This difference can be seen in the fact that business and marketing leaders expect an average of 32 per cent of current investment to be inadequate over the next 18 months, with 30 per cent of each group expecting more than 40 per cent of investment to be obsolete in the same time period. In contrast, technology leaders expect the average to stay steady at 24 per cent.
The difference in opinion could be attributed to the idea that technology leaders have a better overview of the current toolkit. As they are usually the ones leading transformation they may have purchased tools to match future ambitions and have yet to implement them fully. In other words, they know what is in the armoury, they know the toolkit is already mature and they expect the ambitions to mature over the next 18 months.
On the other hand, the difference could indicate that business and marketing leaders are hearing more about the capability performance from the user’s perspective. The back-end of a solution might be smooth and theoretically it should be able to do what you want, but if users find it frustrating it won’t be seen as adequate technology.
A third explanation could simply be a difference of ambition over the next 18 months. For example, business and marketing leaders are more interested in opening new revenue streams with digital than technology leaders, while the technology cohort is more focused on optimising and streamlining current processes than their counterparts.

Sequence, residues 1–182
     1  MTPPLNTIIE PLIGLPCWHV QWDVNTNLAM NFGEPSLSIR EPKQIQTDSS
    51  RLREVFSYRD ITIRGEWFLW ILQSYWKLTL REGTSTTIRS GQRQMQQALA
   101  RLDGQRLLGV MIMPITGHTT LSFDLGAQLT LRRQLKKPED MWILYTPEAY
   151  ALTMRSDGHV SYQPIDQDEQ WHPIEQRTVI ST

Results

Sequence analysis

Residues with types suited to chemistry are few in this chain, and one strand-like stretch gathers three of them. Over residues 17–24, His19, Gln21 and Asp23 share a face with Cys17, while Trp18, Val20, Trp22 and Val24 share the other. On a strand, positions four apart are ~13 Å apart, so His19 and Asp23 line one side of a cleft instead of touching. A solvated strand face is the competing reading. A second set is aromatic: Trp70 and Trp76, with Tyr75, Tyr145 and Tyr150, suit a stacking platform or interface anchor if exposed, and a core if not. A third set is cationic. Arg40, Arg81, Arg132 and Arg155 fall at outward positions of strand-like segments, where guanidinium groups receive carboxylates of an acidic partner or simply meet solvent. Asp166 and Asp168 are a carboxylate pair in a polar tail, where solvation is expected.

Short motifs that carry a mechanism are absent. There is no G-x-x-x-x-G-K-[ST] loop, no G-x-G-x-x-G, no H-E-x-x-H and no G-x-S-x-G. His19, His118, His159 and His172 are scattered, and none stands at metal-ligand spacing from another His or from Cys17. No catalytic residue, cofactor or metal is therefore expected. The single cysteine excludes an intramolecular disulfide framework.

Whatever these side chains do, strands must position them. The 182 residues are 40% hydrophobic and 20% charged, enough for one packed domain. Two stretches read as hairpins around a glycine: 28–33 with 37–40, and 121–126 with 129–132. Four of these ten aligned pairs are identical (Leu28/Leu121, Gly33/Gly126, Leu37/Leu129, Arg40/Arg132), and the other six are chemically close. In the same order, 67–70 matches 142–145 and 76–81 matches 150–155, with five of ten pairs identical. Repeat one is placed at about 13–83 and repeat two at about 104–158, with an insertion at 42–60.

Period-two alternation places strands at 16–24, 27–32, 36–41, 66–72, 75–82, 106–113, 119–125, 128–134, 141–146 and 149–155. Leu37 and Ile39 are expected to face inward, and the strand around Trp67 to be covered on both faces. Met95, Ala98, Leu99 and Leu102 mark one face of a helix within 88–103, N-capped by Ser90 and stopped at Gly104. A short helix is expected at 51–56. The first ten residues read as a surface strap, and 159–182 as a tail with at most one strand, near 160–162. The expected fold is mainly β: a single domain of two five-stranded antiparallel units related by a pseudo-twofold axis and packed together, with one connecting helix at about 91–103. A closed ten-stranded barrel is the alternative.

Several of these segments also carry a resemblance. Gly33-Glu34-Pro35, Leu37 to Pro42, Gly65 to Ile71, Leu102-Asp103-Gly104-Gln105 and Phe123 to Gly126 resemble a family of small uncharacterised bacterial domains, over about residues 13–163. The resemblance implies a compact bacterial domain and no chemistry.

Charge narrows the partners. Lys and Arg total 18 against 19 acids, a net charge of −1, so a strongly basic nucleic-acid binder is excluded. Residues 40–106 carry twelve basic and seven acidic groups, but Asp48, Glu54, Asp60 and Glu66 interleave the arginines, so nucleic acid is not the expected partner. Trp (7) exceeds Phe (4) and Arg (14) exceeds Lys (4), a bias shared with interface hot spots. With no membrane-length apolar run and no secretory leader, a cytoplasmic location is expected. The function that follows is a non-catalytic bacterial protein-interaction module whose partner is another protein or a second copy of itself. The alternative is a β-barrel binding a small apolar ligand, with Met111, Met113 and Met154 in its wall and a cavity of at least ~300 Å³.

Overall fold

How bad are things?
Regardless of shifts in perspective, there is a sobering status quo: that 81 per cent of companies use 60 per cent or less of their current technology capability. On average, companies are only using half of their digital experience investment. This means not only do current technologies lack the capabilities to meet ambitions, but the capabilities these tools do offer are largely going to waste, right now.
Business, technology, and marketing leaders all experienced the pile-up of unused features, reporting an average use of 45 per cent, 49 per cent, and 52 per cent, respectively, of their current digital experience investment.